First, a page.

It’s a given that cloud computing is dramatically changing the way organizations deliver IT services. So, how does this impact capacity management? How do you achieve that delicate balance between utilizing capacity efficiently and delivering cost-effective, higher-quality services? You need to take a holistic approach and become more business aware. Here are six steps to consider that will help you maintain your agreed-upon performance levels without buying more equipment than you need:
Step 1: Move from a Narrow and Reactive Perspective to a Broad and Continuous View
Broaden your capacity planning focus from mission-critical systems to include the entire IT infrastructure. This requires knowing how much total capacity is out there and how it is being used.
Step 2: Focus on a Business Service Orientation
It’s important to manage capacity from a business service perspective, which requires understanding the relationship of capacity to business requirements. Your approach should encompass all the devices and the application layers that make up each service. You need to expand the reach of analytics and reporting from technology metrics to business metrics. Reporting in the cloud environment should link IT resources to measurable business data, such as the costs and KPIs of the business.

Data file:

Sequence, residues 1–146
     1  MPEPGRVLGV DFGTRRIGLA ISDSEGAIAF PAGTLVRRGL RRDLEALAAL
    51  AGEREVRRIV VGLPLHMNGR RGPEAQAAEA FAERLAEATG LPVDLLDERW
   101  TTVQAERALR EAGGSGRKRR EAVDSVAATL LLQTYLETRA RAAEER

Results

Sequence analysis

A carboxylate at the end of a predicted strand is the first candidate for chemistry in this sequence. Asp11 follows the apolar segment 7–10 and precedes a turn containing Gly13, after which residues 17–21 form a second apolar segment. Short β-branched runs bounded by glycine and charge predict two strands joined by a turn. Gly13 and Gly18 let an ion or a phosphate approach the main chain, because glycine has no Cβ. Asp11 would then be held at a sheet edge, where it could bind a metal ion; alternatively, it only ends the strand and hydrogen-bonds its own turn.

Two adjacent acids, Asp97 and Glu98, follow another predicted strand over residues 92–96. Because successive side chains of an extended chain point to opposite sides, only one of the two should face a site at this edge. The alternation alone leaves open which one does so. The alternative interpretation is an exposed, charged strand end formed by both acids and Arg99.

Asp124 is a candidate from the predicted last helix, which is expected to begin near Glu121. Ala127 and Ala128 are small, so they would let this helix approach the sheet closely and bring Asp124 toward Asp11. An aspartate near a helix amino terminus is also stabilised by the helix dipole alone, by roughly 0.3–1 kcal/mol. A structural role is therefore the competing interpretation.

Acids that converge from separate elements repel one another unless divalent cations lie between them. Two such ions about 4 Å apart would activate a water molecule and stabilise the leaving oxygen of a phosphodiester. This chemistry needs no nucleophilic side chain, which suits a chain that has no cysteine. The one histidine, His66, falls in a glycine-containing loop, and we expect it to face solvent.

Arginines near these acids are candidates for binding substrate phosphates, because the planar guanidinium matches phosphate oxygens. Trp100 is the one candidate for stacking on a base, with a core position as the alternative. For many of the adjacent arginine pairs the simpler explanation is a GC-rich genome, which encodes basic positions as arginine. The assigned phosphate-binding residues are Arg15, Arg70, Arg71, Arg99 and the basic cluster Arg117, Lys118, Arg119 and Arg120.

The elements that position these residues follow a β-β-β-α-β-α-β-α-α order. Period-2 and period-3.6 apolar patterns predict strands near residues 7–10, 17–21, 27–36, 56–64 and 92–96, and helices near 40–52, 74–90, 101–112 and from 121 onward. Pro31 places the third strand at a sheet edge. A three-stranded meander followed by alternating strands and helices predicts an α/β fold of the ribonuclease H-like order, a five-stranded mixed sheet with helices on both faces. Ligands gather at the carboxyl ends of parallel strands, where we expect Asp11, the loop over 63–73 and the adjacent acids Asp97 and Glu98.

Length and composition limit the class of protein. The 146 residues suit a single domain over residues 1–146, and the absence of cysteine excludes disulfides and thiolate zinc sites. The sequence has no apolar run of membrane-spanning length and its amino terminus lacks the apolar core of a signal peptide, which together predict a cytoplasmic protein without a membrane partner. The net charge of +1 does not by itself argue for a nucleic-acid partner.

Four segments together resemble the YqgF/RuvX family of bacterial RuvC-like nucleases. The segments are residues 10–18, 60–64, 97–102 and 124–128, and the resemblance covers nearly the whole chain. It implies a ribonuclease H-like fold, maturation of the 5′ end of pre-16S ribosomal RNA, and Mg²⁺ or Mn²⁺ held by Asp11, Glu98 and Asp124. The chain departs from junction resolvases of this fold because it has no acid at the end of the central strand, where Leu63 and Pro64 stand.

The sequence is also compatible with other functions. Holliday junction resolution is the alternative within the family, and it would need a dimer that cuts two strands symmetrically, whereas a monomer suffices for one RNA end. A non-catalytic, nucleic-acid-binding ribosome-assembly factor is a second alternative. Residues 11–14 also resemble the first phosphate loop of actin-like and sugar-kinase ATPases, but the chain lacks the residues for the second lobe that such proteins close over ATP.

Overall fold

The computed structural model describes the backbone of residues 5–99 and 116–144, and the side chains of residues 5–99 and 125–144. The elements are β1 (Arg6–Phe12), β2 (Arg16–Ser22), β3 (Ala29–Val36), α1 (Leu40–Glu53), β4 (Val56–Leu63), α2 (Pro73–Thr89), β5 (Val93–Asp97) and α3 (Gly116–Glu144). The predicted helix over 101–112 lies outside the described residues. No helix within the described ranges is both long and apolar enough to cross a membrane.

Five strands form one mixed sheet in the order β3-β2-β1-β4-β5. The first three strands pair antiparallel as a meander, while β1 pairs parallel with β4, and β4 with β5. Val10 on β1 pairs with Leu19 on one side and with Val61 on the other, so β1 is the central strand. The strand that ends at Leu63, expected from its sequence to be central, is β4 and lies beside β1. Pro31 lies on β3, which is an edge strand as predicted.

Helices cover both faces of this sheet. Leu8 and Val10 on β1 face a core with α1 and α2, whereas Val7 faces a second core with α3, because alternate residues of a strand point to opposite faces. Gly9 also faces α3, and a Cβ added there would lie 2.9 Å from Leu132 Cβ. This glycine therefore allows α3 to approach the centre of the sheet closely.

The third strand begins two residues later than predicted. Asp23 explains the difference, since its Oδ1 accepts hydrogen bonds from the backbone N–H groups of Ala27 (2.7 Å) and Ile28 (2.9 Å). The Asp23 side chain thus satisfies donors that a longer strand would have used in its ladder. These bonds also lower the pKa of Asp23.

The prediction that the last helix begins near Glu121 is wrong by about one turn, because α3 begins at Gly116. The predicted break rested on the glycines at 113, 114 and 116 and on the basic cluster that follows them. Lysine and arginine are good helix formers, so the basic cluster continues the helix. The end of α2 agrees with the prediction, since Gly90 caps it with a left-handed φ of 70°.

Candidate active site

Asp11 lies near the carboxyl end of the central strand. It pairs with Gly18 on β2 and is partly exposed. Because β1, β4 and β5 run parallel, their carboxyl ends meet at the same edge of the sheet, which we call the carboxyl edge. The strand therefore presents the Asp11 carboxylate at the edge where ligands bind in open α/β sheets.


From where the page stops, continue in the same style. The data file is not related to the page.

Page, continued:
Step 3: Move from Manual to Automatic
Business-service-oriented capacity management requires an automated approach that encompasses data gathering, translation, and reporting in business terms.
Step 4: Transition from Siloed Processes to Integrated, Shared Processes
Focus on integrated processes that are extended to and shared by other IT groups, such as application developers and database administrators. This enables you to leverage the expertise of capacity planners and capacity planning as a shared responsibility.
Step 5: Move from Trial and Error to Predictive Analytics
Most IT organizations are moving toward the cloud environment incrementally by migrating physical systems to virtual machines and by determining the most effective placement of virtual workloads in the cloud. Analysis and “what-if” modeling tools let you preview various virtual/physical configurations and combinations before deploying them in production. Predictive analysis of workload trends helps to ensure that needed capacity will be available in the future.
Step 6: Transition from Separation to Integration
Effective management of the cloud environment requires integrating capacity management tools and processes with other Business Service Management (BSM) tools and processes. BSM is a comprehensive approach and unified platform that helps IT organizations cut cost, reduce risk, and drive business profit. Integration provides broad visibility into the physical and virtual resources in your data center as well as insight into how they are being used.
For more information on this topic, be sure to read this article by Fabio Violante, senior director of product development and member of the CTO Office at BMC Software, Achieving Business-Aware Capacity Management in the Cloud: Six Steps to Success.